One of the most significant economic holidays in China is considered to be Chinese New Year. The Spring Festival (as it used to be called in the 20th century) commemorates the honor of Chinese gods and ancestors. Originally, Chinese New Year was connected with lunar calendar and was closely related to the phases of the moon. However, in 1912 China adopted usual Western Calendar and began to celebrate New Year on January 1. Despite that, Spring Festival is still being celebrated in China as an ever-lasted tradition. However, the real meaning of the holiday is nearly forgotten by the younger generation and is now treated as an additional day off from work.
Chinese New Year is originally based on the ancient Chinese calendar, which was used as a dynastic and religious guide. Founded during the ruling of the Shang Dynasty, the calendar was not static – it was renewed every time a new emperor was coming to power and also had different variations according to the location. The lunar calendar was strictly dependent on moon phases and sun solstices. According to this calendar, Chinese composed their zodiac – the system of twelve years, each marked with one of the animal symbol: pig, rooster, sheep, snake, rabbit, ox, dog, monkey, horse, rabbit, tiger, and rat.
Formerly, Chinese people considered New Year holiday the most significant one in their entire calendar. During the time of the fest, all the life in the cities except the family one stops. Home and relatives became a focus those days. The house must have been fully cleaned to get rid of evil spirits that might have collected through the year. Food sacrifices, lucky messages, firecrackers were special rituals to appease the gods for the coming year. All those rites were intended to bring prosperity and happiness for the entire next year to the house. Feasting was also a vital tradition. The New Year’s Eve gathered all the members of the family around the table for a dinner with the last meal of a fish that was not eaten and represented the symbol of prosperity. During the 15 days, people ate long noodles which symbolized long life and round dumplings to symbolize the family perfection.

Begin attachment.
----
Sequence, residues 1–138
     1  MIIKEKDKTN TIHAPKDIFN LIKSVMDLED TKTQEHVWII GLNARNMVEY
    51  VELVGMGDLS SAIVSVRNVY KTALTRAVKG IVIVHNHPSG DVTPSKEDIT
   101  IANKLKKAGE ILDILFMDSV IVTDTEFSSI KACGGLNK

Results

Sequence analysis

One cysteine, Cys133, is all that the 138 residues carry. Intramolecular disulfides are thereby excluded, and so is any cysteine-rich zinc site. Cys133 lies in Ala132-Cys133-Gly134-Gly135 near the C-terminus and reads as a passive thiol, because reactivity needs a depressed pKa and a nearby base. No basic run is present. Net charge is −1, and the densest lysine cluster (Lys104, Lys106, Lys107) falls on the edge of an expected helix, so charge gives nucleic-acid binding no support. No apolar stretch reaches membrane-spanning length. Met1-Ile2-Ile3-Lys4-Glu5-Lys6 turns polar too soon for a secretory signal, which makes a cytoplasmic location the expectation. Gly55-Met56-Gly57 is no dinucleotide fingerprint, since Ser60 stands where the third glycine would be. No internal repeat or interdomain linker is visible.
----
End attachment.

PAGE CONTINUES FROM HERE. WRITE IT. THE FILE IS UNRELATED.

In 1912, Chinese started to celebrate New Year together with the entire world – on the January 1. Later, in 1949, when a communist leader Mao Zedong came to the ruling, he completely forbade celebrating the traditional New Year and ordered to switch to the Georgian calendar. Luckily, in 1996, the Chinese government decided to restore the original traditions and reestablished the Spring Festival, letting people enjoy their time together with a family. Nowadays, the majority of Chinese people are likely to celebrate New Year according to the traditions, together with their family. Among the new traditions, a new TV show, called Spring Festival Gala can be mentioned. Contemporary singers together with traditional ones performing on the stage are now a beloved event by the whole China.